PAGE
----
What the comet knew of Tristen

Below Torrential Hill, by Jonathan Koven

3 minute read
The book cover. The title and author text appears in white over a fractured-looking, abstract, photographic blue illustration

It’s hard to know what to make of Below Torrential Hill, a new novella by Philly author Jonathan Koven. The book is prefaced by quotes from Hayao Miyazaki’s film Spirited Away and Wallace Stevens; the first chapter by Clarice Lispector and a bit of South African “Bushman” (Khoikhoi) folklore. It opens with “The night Tristen’s mother first heard the voices in the kitchen sink, a comet blazed in the sky … spreading a wave of guilt, wrath and sorrow across Torrential Hill.”

Are we in store for magic realism, or perhaps something in the New Weird genre, revealing the deep secrets of a suburban community? Unfortunately, no. Instead, the reader is invited to live mostly inside the prolix—and often drunk—mind of 16-year-old Tristen as he discovers, in the days around Christmas, that he is not the world. In other words, Below Torrential Hill is a new entry in the hoary tradition of overly-sensitive white (always white) boys and their problems.

Early on, it seems as if events of a cosmic nature are in store: voices from the sink, a comet which “knew of Tristen,” streetlights which explode at emotionally wrought moments. Strong negative emotions are attributed to inanimate objects—the comet, a wine glass, walls. A meteorite crashes into the lake, unnoticed but foreshadowing. But then nothing much seems to happen, except that Tristen keeps drinking and trying to persuade Ava she’s the love of his life, around long, image-jammed paragraphs, in chapters headed by more epigraphs: Rilke, Calvino, the Upanishads—alerting the reader that this is deep.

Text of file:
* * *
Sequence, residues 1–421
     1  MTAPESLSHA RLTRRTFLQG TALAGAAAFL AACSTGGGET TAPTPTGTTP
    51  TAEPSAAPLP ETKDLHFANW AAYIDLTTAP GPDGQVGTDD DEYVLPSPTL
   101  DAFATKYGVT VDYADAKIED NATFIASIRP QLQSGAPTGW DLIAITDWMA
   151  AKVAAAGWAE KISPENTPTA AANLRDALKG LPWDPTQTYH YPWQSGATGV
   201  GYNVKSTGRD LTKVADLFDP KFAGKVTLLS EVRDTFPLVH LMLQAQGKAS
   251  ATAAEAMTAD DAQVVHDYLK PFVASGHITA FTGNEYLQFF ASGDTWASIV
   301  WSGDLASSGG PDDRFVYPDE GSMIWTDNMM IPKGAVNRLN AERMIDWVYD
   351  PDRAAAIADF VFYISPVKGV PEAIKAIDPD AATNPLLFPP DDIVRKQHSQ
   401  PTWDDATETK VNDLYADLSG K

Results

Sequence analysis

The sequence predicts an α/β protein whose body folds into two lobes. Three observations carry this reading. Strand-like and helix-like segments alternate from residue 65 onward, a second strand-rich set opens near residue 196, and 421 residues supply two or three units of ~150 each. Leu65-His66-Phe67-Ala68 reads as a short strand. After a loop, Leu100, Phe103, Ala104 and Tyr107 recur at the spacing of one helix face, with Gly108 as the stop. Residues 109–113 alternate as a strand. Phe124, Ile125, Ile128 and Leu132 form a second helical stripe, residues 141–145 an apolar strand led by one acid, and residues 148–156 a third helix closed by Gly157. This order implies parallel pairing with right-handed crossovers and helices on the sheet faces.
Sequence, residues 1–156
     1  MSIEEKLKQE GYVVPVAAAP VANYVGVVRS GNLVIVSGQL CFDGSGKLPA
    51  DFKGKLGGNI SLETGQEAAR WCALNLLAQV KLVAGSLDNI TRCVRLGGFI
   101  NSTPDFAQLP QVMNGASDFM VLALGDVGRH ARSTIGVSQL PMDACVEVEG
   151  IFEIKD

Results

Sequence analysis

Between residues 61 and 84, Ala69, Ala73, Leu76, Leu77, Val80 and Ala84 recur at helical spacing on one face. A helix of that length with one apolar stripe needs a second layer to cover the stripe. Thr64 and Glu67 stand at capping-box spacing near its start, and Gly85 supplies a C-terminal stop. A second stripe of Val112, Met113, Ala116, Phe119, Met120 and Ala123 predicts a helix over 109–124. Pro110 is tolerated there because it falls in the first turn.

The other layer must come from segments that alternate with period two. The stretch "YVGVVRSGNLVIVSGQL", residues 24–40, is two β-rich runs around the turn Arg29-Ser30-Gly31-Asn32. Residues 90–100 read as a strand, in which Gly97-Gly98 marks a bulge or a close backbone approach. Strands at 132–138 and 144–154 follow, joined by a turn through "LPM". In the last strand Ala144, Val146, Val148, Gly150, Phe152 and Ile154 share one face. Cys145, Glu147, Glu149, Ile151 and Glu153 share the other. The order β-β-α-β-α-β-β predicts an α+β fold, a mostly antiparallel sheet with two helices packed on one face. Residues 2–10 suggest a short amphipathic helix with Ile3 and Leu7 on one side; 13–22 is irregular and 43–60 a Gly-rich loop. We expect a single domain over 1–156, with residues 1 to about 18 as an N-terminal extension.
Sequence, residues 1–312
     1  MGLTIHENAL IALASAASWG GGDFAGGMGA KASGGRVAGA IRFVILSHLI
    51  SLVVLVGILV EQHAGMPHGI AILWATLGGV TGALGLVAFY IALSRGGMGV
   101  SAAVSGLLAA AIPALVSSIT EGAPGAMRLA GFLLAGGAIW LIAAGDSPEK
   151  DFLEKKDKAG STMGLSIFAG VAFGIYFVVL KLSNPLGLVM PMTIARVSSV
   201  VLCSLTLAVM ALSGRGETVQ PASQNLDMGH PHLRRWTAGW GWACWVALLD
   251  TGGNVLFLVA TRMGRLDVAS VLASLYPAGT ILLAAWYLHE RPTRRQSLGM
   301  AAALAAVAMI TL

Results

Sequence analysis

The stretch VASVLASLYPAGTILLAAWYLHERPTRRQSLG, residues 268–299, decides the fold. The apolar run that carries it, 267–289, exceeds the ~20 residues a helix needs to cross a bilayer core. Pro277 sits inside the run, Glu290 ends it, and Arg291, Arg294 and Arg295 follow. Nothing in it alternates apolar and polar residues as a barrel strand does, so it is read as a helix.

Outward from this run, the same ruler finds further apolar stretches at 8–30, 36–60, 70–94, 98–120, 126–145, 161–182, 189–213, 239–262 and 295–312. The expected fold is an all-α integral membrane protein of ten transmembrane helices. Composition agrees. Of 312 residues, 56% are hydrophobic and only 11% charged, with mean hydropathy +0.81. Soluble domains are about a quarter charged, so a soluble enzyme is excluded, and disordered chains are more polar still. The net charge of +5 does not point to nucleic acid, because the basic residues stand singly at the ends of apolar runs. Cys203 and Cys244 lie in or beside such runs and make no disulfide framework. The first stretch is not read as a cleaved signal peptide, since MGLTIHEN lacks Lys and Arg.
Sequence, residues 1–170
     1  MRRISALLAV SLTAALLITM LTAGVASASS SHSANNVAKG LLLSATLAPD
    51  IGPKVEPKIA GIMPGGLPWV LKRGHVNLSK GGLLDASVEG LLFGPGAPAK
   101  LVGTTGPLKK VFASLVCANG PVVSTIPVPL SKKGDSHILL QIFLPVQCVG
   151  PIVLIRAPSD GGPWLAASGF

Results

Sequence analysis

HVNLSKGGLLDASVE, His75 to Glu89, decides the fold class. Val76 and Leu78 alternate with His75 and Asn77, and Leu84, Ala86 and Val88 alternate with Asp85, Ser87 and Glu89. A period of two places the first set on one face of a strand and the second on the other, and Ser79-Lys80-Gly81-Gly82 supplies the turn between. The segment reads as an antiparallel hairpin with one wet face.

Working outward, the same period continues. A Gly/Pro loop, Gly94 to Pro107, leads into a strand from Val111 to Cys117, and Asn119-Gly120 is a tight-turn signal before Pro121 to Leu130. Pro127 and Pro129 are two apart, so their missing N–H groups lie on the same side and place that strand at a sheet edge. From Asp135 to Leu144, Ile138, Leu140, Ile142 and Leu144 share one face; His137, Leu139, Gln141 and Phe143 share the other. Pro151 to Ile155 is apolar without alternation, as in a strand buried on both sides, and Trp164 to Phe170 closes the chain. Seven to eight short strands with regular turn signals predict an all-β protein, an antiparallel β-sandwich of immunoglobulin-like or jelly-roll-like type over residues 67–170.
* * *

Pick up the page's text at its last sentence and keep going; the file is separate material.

Eventually, Tristen falls down a hill and seems to enter the meteorite for a surreal journey. The novella ends with a seeming reconciliation between Tristen, his mother, and stepfather, and an acceptance of Ava’s departure for college. What the comet knew of Tristen, or why he was of interest to it, is never disclosed.

A work short on plot can be rewarding for its texture, such as depth of characterization. But who is Tristen? We learn surprisingly little about him. He lives with his single mother, Lucy; has an estranged stepfather, Lave; and his adored father died several years ago. His best friend Ava was his girlfriend for a week but broke up with him recently. He sneaks wine from Lucy’s endless stash (each of them seems to go through a bottle or more a day).

Tristen, Lucy, and Ava live on Coldview Street, on top of Torrential Hill, a ridge between a nameless small town and a nameless city (only described as an “urban sinkhole”), with a forest and lake in between. Perhaps this is an attempt at a universal feeling, but this is the universality of suburban, straight, white America. Universality is more easily achieved by specificity of place and time, not vagueness, and it should be clear by now that life on Coldview Street is anything but universal, and the barrage of epigraphs asks for comparisons that do not flatter the author.

Beyond Torrential Hill is not without merits. Koven is also apparently a poet. Several passages throughout the novella would be powerful prose poems on their own; of the writers quoted in the book, the strongest kinship seems to be to Rilke. Two short chapters told from the perspectives of Lucy and Lave are tightly written and effective in their portrayal of the generational impact of trauma. Too often, however, Koven’s love of imagery and metaphor seems deployed solely for its own sake, and Below Torrential Hill feels like extended sound and fury signifying not much at all for this reader.

What, When, Where

Below Torrential Hill. By Jonathan Koven. Middletown, DE: Electric Eclectic Pocketbook, December 3, 2021. 190 pages, paperback; $16.00. Get it on Amazon.

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